II    The righteousness of God in all his ways, if duly considered, will compose the afflicted spirit to quiet and humble submission.

He is never injurious to us when he deprives us of our sweetest and most precious comforts, because we have incurred the forfeiture of all. He is not cruel in laying the heaviest punishments upon us, for we deserve them. If we were free from actual sins, yet our depraved nature, so repugnant to the pure law of God, involves us under an obligation to punishment. If we had not been attainted with the guilt of original sin, yet the sins committed in the course of our lives, make us deeply obnoxious to divine justice: how much more the concurrent guilt of original and actual sins? The acts of, sin are transient and pass away; but the guilt and stain of sin, and the conscience of sin remain, and no less than eternal punishment is commensurate to the obliquity. From hence there is the clearest reason to justify God in all his proceedings. ‘Righteousness establishes his throne.’ The prophet saith ‘thy righteousness is like the great mountains, thy judgments are a great deep.’ Psalms 36. 6. The special ends of God in severe dispensations, are sometimes indiscernible, but never unjust; his righteousness is obvious to every eye. The actual consideration of this is powerful to silence the uproar of the passions, and to make us lie humbly at his feet under the sorest chastisements. ‘I will bear the indignation of the Lord’ (without murmuring, saith the afflicted church) ‘because I have sinned against him.’ Micah 7:9.

As disobedience in our inclinations and actions, is a tacit reflection upon the equity of his law, as if the restraints of it were unreasonable; so impatience and fretful discontent is upon the equity of his providence, as if the afflicting dispensations of it were not due to us: and the sense of our sinfulness, and God’s righteousness, is an excellent preventive of it. If you are in great afflictions, and feeling any tumultuous thoughts, any rebellious risings within thee, consider you are a sinner, guilty of ten thousand provocations, and dare you to appear before his enlightened and terrible tribunal, and challenge him for any unrighteous proceedings? ‘Wherefore doth a living man complain, a man for the punishment of his sins?’ Lamentations 3:39. Surely it is meet to be said unto God, I will not offend any more. That which I know not, teach you me; and if I have done iniquity, I will do no more. Job 34:31,32. Besides, all the punishments of men here, are with merciful allays, not in just proportion to their guilt. The church in its calamitous state, described in the most doleful lamentations of Jeremiah, when the greatest number of the Jews perished by the sword, or famine that attended the war, their city and temple were laid in ruins, and the unhappy people that escaped the fury of the Chaldeans, were the captives and triumphs of their enemies; yet in that unparalleled affliction she acknowledges, ‘it is the Lord’s mercies that we are not’ utterly and totally ‘consumed’ Lamentations 3:22; and lays her mouth in the dust, a posture of the lowest abasement.

And holy Ezra reflecting upon that dreadful calamity, acknowledges their punishment was beneath their desert, as their deliverance was above their expectation: ‘and for all that is come upon us for our evil deeds and great trespasses, seeing you hast punished us less than our iniquities deserve, and given us such a deliverance as this.’ Ezra 9:13. Our deserts are less than the least of God’s mercies, and our offences greater than the greatest of his judgments. This should make us not only patiently submit, ‘but humbly accept the punishment of our iniquity, as far less than what is deserved.’ Leviticus 26:41. If the sentence of death against a malefactor be exchanged for banishment, or banishment be remitted for a short confinement, is there not incomparably more cause to be thankful for what is pardoned, than to complain for what is suffered?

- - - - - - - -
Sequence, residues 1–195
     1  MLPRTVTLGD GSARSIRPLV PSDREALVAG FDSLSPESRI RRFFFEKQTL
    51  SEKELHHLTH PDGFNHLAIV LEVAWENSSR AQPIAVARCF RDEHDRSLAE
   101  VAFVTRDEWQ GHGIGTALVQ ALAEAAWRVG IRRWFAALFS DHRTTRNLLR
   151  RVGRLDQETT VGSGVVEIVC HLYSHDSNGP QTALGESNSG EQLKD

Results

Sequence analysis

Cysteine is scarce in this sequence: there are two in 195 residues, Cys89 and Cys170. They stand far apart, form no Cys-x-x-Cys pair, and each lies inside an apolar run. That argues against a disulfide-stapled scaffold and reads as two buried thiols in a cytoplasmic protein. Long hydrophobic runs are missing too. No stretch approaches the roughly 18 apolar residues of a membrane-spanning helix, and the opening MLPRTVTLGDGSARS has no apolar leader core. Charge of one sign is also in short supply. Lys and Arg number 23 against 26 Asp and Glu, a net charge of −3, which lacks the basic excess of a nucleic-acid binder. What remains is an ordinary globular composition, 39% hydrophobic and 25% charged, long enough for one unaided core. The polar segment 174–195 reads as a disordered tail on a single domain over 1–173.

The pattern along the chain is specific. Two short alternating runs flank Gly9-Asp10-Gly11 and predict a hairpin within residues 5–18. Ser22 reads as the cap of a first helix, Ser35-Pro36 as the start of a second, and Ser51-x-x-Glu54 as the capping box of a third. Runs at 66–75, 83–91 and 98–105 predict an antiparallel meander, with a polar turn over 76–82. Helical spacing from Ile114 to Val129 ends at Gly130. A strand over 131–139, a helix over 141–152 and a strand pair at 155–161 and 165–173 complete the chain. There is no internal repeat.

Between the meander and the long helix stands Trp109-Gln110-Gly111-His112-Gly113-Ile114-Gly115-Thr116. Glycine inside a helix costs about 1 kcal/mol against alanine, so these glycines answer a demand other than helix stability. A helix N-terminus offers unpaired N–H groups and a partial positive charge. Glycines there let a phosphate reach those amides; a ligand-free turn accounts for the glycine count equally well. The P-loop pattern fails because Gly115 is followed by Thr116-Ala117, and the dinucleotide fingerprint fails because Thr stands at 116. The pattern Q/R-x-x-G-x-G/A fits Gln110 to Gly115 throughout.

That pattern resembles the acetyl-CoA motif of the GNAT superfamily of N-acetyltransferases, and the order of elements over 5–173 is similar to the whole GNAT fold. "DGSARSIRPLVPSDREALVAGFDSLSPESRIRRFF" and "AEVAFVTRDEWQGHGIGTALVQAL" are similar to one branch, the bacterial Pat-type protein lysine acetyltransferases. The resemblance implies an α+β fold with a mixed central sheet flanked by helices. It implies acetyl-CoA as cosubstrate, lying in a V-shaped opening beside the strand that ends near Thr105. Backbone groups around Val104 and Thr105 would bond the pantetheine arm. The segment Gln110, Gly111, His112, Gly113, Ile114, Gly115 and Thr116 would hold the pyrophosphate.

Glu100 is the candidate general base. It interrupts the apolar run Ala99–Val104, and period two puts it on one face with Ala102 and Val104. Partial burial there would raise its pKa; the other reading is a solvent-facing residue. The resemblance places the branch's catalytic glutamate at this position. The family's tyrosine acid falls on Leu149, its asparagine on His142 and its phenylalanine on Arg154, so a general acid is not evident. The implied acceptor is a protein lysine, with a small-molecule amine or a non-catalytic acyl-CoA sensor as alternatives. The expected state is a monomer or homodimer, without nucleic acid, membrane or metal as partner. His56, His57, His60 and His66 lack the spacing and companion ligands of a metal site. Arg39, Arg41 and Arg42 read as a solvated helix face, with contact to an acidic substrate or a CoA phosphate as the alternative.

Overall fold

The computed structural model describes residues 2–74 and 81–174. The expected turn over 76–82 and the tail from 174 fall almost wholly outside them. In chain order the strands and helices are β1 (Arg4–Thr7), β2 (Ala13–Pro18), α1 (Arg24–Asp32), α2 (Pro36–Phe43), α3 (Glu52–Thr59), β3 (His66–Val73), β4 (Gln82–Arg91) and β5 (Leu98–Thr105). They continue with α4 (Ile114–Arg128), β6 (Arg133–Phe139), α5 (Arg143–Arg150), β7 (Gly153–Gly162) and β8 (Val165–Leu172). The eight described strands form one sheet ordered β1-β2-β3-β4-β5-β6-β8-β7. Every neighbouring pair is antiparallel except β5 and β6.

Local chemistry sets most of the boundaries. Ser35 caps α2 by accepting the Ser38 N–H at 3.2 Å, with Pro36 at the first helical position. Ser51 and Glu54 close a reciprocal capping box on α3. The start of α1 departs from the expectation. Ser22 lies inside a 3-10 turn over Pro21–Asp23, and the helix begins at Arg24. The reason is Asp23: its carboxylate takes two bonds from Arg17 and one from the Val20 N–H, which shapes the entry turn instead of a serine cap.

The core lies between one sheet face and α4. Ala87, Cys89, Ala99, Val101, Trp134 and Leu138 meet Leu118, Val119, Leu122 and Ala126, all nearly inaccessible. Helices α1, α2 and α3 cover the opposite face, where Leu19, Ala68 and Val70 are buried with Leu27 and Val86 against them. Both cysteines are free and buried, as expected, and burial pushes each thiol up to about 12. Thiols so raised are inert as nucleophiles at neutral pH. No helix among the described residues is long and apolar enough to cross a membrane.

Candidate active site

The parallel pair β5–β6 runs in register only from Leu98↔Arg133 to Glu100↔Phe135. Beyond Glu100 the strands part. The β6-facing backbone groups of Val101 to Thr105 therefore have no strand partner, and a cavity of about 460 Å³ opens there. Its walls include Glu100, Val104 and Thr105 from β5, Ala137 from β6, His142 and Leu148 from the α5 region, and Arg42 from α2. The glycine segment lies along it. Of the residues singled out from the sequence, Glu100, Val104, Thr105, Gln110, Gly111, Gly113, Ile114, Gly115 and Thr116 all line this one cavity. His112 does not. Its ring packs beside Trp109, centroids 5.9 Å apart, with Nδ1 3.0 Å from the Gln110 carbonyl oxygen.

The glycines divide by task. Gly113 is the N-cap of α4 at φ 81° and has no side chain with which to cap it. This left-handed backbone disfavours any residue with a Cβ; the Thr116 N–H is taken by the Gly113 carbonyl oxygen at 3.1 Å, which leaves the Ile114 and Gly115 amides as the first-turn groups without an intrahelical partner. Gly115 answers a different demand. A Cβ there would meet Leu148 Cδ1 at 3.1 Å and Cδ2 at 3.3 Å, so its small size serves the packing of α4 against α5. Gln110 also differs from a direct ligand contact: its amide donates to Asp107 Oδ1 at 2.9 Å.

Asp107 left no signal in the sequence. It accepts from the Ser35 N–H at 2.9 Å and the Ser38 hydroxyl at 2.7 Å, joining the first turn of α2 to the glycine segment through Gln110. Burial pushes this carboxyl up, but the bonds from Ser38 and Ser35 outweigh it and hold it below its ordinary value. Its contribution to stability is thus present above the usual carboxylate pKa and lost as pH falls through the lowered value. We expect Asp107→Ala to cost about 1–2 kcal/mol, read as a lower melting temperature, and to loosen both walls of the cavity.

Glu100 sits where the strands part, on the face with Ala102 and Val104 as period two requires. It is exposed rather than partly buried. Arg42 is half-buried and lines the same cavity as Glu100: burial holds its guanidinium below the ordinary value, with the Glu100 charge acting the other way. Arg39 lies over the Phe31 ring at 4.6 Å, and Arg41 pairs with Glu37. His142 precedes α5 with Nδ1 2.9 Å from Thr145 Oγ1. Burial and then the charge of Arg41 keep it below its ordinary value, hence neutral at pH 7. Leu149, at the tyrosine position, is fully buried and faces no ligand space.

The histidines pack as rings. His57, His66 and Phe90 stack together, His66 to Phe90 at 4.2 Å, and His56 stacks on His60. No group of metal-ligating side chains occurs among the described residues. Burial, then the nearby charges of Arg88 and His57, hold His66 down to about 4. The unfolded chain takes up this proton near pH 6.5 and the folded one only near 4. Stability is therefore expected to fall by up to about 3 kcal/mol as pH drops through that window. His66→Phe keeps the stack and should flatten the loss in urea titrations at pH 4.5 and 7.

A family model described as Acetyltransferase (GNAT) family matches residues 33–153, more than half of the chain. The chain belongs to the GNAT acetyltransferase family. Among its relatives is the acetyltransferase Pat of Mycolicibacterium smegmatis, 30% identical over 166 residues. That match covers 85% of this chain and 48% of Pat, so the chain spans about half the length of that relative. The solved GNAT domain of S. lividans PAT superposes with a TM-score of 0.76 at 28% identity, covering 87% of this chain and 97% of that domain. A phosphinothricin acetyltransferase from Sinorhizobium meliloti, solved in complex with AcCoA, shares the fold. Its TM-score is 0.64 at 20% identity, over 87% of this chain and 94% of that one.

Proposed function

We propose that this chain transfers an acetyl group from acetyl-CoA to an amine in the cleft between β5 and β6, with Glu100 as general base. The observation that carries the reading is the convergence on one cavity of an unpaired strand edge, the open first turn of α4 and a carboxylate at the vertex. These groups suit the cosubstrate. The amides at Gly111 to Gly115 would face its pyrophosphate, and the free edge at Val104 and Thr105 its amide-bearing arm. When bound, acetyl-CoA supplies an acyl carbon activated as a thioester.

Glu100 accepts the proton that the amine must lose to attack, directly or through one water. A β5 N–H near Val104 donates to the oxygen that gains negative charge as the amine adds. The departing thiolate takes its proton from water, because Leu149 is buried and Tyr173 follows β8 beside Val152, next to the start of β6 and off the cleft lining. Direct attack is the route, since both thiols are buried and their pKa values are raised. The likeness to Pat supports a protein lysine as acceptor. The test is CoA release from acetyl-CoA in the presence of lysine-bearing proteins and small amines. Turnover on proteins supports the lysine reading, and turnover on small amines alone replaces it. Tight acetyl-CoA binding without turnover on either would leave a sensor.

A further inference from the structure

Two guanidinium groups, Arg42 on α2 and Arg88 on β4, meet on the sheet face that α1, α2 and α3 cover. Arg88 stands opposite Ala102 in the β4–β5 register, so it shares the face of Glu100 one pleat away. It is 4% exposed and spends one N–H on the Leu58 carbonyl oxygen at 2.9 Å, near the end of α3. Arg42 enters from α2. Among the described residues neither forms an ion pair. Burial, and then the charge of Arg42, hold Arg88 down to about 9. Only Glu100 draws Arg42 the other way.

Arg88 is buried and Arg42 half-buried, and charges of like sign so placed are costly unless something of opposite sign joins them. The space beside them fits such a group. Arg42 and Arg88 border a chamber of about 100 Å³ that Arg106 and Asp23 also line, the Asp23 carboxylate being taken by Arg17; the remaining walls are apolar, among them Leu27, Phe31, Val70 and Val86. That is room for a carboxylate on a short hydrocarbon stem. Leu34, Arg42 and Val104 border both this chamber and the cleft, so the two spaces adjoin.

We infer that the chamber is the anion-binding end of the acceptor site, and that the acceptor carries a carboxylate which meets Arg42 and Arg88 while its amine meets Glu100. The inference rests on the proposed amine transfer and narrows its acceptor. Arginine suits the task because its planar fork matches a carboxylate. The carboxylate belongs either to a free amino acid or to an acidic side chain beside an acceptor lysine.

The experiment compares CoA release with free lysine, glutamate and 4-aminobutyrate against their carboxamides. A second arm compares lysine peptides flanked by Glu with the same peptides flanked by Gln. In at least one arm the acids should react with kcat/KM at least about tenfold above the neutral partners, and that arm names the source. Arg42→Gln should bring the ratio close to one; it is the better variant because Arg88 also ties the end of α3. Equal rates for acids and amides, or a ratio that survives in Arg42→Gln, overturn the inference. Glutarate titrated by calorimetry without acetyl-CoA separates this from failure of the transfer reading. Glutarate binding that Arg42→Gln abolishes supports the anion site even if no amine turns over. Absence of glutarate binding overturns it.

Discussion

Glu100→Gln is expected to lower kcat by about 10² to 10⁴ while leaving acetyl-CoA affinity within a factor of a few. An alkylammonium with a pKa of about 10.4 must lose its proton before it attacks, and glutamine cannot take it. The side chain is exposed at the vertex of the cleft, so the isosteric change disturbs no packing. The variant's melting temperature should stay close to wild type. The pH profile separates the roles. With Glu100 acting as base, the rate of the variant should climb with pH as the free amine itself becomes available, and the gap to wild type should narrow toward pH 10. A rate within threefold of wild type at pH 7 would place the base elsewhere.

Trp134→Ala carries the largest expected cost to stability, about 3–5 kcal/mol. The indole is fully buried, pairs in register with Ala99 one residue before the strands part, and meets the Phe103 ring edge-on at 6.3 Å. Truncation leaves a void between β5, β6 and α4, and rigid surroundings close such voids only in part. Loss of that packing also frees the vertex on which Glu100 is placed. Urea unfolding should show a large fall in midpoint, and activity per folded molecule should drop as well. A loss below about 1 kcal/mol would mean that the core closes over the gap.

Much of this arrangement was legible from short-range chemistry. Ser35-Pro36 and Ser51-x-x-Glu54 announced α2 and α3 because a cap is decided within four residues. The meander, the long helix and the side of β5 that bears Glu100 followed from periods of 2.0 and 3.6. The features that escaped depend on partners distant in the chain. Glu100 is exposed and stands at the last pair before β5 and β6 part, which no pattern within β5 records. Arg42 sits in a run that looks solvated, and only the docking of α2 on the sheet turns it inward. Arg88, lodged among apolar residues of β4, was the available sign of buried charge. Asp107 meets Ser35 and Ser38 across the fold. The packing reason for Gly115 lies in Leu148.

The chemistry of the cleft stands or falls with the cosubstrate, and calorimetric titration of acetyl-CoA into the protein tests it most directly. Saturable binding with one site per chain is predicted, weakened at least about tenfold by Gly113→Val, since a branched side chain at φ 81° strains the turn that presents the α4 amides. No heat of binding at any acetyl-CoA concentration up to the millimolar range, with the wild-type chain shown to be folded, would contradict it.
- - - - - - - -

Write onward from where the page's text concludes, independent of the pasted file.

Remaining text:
What ingratitude is it to be impatient and murmuring for these ‘light afflictions that are but for a moment,’ when we deserve an eternal and insupportable weight of misery in hell? It is infinitely more becoming us and safe, to argue against our irregular passions, than to tax his righteous dispensations.

III   His power is immense and uncontrollable, and it is a vain attempt to contend with him, as if the eternal order of his decrees could be altered or broken.

The contest between God and the sinner, is, whose will shall stand. It is his glorious work to depress the proud, and subdue the stubborn refractory spirits.

The punishment of the first pride in the angels, is an eternal and terrible example of his powerful justice; and how intolerable a crime it is, that heaven could not bear, but presently opened, and the guilty fell into the bottomless pit. Now pride is a seminal evil, and lies at the root of stubbornness and impatience under judgments. Proud dust is apt to fly in God’s face upon every motion of the afflicting passions. And by the resistance of self-will he is provoked to more severity. ‘Woe be to him that strives with his Maker.’ Isaiah 45:9.

It is our duty and interest to observe the blessed apostle’s direction, ‘humble yourselves under the mighty hand of God, and he shall exalt you.’ 1 Peter 5:6. There is a passive humbling by his irresistible providence, and an active voluntary humbling, which implies a subjection to his law, and a submission to his providence: this is infinitely pleasing to him, it is the right disposition that prepares us for mercy, and is the certain way of exaltation; for then God obtains his end. The humble prostrating ourselves at his feet to receive his correction, causes his bowels to relent, and stops his hand: the seeming humiliation of Ahab procured a respite of those fearful judgments denounced against his house. It is said of the generosity of the lion, that he spares his prostrate adversary. In short, our salvation depends upon our humble demeanor under afflictive dispensations. ‘We have had fathers of our flesh which corrected us, and we gave them reverence; shall we not much more be in subjection to the father of spirits, and live?’ Hebrews 12:9. Unsubmission induces a deadly guilt upon the rebellious.

IV   His paternal love in sending afflictions, is a sufficient argument to win our compliance with his will.

The blessed apostle applying medicine to the afflicted, propounds two divine truths, that if seriously thought of, and steadfastly believed, are powerful to mitigate the acerbity of all sufferings, and support the spirit in the greatest agony.

The first is, ‘God scourges every son whom he receives:’ Hebrews 12:6. and the other that is joined with it is, ‘Whom the Lord loves, he chastens.’

The rule is general:

(1.) All his sons are under the discipline of the rod; and who would be so unhappy as to be exempted from that number, for all the prosperity of the world? Afflictions, sanctified, are the conspicuous seal of their adoption and title to heaven: and who would forfeit the honor of that adoption, and lose the benefit annexed to it, the eternal inheritance, rather than patiently bear his fatherly chastisements?

Others that enjoy a perpetual spring of pleasure here, are declared bastards, and not sons: they are indeed within the compass of his universal providence, but not of that peculiar care that belongs to his sacred and select progeny. His corrections are an argument of his authority as our father, and an assurance that we are his children: this should induce us not only with submissive temper of soul, but with thankfulness to receive the sharpest correction from the hands of our heavenly Father. This was the reason of our Savior’s meek yielding himself to the violence and cruelty of his enemies. ‘The cup which my father has given me, shall I not drink it?’

(2.) Chastisement is the effect of his paternal love: he is the father of our spirits, and that divine relation carries with it a special love to the spirits of men, and in that degree of eminence, as to secure and advance their happiness, though to the destruction of the flesh.

The soul is of incomparably more worth than the body, as the bright orient pearl than the mean shell that contains it: this God most highly values; for this he gave so great a price, and on it draws his image. If temporal prosperity were for our best advantage, how willingly would God bestow it on us? ‘He that spared not his own Son, but gave him up for us all, how shall he not with him also freely give us all things?’ Romans 8:32. Which words, among all that the Holy Ghost has dictated to the interpreters of God’s heart to his people, are most expressive of his love and bounty, and most for their comfort.

He that gives grace and glory, the most real testimonies of his love, certainly withholds no good thing from them.